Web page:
PPLA - The Pharmaceutical Literature Association; We're fighting to keep medication information on paper - for patient health and safety

History

The History of Medication Information on Paper

YEAR

LEGISLATION AND FDA ACTION

1938

The Food, Drug and Cosmetic Act. (Wikipedia reference)
This act requires that “written, printed, or graphic matter” bearing directions for use and warnings be “upon the immediate container of any article.”

1995

Public Law 104-80.
This law gave the pharmaceutical supply chain an opportunity to demonstrate that it could provide useful Consumer Medication Information (CMI) at the time prescriptions were filled.

1998

The Prescription Drug Marketing Act

The notable feature of this law was its requirement that Patient Package Inserts (PPIs) be prepared for all drugs that are marketed directly to consumers.

2000

FDA issues draft regulation on Package Inserts (PIs).

These require a “Highlights” section and other features intended to improve readability/usefulness for healthcare professionals.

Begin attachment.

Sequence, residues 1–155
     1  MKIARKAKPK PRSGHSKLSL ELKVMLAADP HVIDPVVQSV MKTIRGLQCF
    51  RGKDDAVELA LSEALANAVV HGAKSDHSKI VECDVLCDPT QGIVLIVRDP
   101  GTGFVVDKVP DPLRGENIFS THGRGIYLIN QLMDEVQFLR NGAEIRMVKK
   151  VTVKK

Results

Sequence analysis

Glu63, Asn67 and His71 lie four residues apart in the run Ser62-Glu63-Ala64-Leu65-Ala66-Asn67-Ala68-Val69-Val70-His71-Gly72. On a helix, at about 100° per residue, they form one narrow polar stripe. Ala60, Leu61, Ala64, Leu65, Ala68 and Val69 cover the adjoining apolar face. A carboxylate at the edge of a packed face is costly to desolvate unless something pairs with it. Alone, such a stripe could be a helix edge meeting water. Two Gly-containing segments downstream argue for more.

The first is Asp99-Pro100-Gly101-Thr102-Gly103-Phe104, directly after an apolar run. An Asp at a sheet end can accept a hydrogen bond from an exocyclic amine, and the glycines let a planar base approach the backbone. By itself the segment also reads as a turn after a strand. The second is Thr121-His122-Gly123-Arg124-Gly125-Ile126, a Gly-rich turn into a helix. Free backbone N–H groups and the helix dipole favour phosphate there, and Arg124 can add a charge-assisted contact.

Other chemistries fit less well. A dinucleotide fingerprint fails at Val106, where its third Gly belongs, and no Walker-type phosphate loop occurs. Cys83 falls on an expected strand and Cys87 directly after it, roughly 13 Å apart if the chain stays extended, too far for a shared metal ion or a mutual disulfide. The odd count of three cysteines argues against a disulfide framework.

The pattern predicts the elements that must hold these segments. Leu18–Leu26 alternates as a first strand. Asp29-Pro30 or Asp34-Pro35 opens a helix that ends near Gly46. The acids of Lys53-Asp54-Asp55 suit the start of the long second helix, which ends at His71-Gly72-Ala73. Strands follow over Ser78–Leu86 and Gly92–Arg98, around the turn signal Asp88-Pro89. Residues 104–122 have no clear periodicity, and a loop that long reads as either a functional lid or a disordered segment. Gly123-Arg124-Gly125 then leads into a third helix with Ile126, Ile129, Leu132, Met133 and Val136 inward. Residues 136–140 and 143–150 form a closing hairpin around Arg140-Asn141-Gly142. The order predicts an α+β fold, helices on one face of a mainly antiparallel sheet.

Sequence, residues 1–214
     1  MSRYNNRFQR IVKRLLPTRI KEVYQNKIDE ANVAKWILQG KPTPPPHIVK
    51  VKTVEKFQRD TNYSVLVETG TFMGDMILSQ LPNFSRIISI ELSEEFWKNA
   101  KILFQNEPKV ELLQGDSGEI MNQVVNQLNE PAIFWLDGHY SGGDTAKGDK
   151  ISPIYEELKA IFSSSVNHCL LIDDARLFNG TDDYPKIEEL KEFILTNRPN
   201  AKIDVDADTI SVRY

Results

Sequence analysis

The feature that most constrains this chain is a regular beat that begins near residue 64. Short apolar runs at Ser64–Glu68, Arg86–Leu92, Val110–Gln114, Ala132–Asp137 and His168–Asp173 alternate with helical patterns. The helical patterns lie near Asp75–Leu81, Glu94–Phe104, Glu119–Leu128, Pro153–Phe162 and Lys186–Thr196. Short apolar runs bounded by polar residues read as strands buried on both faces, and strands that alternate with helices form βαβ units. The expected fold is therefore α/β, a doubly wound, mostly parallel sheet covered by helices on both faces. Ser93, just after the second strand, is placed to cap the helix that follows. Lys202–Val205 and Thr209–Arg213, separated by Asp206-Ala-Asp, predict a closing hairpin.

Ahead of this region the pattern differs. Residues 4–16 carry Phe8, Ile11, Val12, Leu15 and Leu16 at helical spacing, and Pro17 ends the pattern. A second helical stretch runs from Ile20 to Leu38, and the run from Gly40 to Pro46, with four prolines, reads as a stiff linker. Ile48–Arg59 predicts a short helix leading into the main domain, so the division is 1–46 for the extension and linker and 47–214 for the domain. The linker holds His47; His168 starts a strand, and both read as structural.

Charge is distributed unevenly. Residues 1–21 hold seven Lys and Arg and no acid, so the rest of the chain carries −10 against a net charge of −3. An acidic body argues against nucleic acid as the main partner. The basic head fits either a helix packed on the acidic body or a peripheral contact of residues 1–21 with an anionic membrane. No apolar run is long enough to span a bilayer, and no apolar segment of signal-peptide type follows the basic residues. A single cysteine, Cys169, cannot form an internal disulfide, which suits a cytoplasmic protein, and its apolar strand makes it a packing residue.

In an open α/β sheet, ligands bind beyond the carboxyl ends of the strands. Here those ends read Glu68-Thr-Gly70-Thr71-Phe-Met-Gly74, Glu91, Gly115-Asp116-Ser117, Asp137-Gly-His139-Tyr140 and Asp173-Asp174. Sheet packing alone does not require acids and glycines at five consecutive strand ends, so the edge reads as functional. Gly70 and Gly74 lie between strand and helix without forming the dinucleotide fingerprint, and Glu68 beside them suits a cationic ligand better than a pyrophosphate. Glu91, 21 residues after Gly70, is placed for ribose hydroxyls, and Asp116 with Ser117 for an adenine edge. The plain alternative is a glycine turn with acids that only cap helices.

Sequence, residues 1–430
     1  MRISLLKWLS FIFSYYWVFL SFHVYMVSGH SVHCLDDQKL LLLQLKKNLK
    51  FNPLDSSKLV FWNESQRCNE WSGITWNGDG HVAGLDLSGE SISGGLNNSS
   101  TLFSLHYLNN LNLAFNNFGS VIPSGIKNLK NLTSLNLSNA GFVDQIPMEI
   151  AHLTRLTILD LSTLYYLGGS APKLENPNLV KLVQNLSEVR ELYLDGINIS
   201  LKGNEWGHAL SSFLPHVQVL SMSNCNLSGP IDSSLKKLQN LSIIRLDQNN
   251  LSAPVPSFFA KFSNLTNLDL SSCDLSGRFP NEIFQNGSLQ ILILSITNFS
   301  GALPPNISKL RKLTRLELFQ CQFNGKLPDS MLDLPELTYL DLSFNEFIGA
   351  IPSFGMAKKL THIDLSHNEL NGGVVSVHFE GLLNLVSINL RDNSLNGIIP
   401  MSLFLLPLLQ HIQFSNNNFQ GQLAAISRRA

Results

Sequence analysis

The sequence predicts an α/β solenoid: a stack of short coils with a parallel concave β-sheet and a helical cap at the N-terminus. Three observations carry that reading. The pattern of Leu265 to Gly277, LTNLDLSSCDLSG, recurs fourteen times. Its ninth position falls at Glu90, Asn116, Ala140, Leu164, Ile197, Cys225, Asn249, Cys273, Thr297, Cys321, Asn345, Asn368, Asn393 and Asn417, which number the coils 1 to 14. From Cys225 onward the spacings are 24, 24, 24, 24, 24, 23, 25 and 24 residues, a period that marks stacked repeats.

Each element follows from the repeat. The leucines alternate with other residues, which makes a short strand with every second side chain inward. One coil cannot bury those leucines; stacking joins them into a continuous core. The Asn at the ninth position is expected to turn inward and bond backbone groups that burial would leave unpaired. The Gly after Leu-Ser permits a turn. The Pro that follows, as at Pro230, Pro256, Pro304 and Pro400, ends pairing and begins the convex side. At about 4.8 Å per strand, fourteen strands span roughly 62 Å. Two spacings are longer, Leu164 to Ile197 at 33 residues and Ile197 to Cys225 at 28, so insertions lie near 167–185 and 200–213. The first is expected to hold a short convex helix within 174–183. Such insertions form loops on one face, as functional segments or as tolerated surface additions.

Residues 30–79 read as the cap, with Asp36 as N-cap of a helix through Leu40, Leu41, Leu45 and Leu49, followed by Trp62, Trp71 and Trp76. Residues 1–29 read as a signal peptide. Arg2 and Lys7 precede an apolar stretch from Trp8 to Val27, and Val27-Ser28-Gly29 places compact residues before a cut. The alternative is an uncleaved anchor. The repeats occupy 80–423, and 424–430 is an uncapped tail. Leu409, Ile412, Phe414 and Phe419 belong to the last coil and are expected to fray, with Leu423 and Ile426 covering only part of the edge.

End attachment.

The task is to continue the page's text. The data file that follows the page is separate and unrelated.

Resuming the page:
2001

FDA-funded study at the University of Wisconsin School of Pharmacy

The “Svarstad Study” tests the progress of Consumer Medication Information made against the goals set by 1995’s Public Law 104-180.

2003

FDA holds public hearing as required by PL 104-80 on the results of the Svarstad Study.

2005

FDA requires that Medication Guides be developed for all anti-depressants and NSAIDs.

2006

FDA issues final regulations on Package Inserts (PIs); requires Highlights section, minimum font sizes, clearly defines content and format. Printed pharmaceutical packaging suppliers invest to enable full compliance in a timely manner.

2008

National Association of Boards of Pharmacy repeats the 2001 study on Consumer Medication Information (CMI) by the University of Wisconsin School of Pharmacy; this study conducted through the University of Florida College of Pharmacy.

2009

FDA announces in the Federal Unified Agenda its intention to require electronic Package Inserts (PIs) to completely replace printed paper labeling.

2013

House of Representatives passes H.R. 1919, Safeguarding America’s Pharmaceuticals Act of 2013
This bill includes a section that would allow manufacturers to replace FDA-approved, manufacturer supplied printed Package Inserts (PIs) with “electronic means.”

2013

General Accountability Office (GAO) publishes, “Electronic Drug Labeling.”
This concluded that relying on electronic labeling as a complete substitute for printed paper labeling “could adversely impact public health.”

2013

Congress passes H.R. 3204, Drug Quality and Security Act.

This act removed the language in the House bill that would have replaced printed Package Inserts (PIs) with electronic means.

2013

FDA continues publication in the Unified Agenda of its intention to allow electronic package inserts instead of paper.